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Exercise and Pregnancy

Congratulations, you’re expecting! Your immediate reaction is tears of joy and relief, but as the news sinks in you are suddenly overwhelmed with a wide array of emotions including fear and anxiety. Suddenly feeling like you are the only woman who’s ever been pregnant, panic takes over and irrational questions start pouring out of your mouth. Dr. Smith assures you that you are a healthy woman and you are more than capable of carrying your baby to term (and, no, if you slept on your belly last night you didn’t squish the baby) and recommends that you continue (or start) to exercise throughout your pregnancy. The notion of exercising during pregnancy baffles you (what if all that bouncing around causes brain damage?), but Dr. Smith explains that there are many important reasons to exercise during pregnancy and it’s more than just okay for a pregnant woman – it’s good for the baby too.

Exercise during pregnancy is one of the best ways to maintain fitness and prepare you for one of the most physically demanding events you will ever experience. It will enable you to control weight gain, improve posture, and decrease backache associated with pregnancy. It is also a natural way to decrease constipation, enhance psychological well-being, and enhance sleep at night. An added bonus – studies have shown that women who exercise during pregnancy also have an easier time regaining their pre-pregnancy figure.

If you are a healthy woman (having an uncomplicated pregnancy) your doctor will likely advise you to continue with your regular exercise program, while heeding to the following guidelines:

Do not get overtired

Do not exercise vigorously in hot or humid weather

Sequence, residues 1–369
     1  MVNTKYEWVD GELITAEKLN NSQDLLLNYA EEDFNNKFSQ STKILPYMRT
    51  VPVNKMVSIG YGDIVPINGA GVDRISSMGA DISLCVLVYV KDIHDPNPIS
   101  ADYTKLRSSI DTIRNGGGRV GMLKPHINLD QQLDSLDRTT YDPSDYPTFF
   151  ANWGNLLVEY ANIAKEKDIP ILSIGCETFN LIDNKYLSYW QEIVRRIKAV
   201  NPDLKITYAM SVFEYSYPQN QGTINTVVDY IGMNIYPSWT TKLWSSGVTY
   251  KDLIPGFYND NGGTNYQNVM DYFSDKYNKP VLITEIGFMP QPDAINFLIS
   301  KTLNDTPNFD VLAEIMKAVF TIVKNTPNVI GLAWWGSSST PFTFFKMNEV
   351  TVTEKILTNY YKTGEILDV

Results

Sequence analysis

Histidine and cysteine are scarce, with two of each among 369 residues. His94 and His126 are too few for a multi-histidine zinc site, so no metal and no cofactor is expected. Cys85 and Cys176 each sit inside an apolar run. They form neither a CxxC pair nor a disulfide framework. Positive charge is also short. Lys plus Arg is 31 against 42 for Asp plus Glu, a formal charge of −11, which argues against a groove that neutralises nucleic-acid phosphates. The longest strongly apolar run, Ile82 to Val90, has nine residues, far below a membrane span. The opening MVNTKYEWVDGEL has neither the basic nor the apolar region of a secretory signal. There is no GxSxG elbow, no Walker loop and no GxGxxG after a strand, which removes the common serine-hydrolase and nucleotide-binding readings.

Do not perform exercises while lying on you back after the first trimester

Do not perform exercises that employ the Valsalva maneuver

Do ensure that you warm-up prior to exercise and cool-down following exercise

Do ensure that you remain adequately hydrated

Do ensure that you consume an adequate amount of calories to compensate for those lost during exercise (as well as the extra energy needs of pregnancy)

Do ensure that, while exercising, you can carry on a conversation without getting out of breath

Do ensure that you discuss your exercise plan with your physician

Do ensure that you stop activity and consult your physician if any unusual symptoms appear

If you have not been exercising before pregnancy you should also adhere to the guidelines listed above, while also ensuring that you begin physical activity of low intensity and advance activity levels gradually. A 20 to 30-minute walk, 3 to 4 days per week, is a program that your doctor may recommend.

Whether you are a seasoned exerciser or new to an exercise plan, it is important that you listen to your body and adjust your exercise level accordingly. If exercising seems to require more effort, decrease the intensity and duration. If impact activities become uncomfortable as pregnancy progresses, switch to low- or no-impact activities such as walking, swimming, or stationary cycling.

Exercise during pregnancy is important and advantageous to both you and your baby. Fit moms will likely recover quicker and regain normal fitness activity levels in less time than the unfit. What are you waiting for? Talk to your physician, make an exercise plan, and get moving!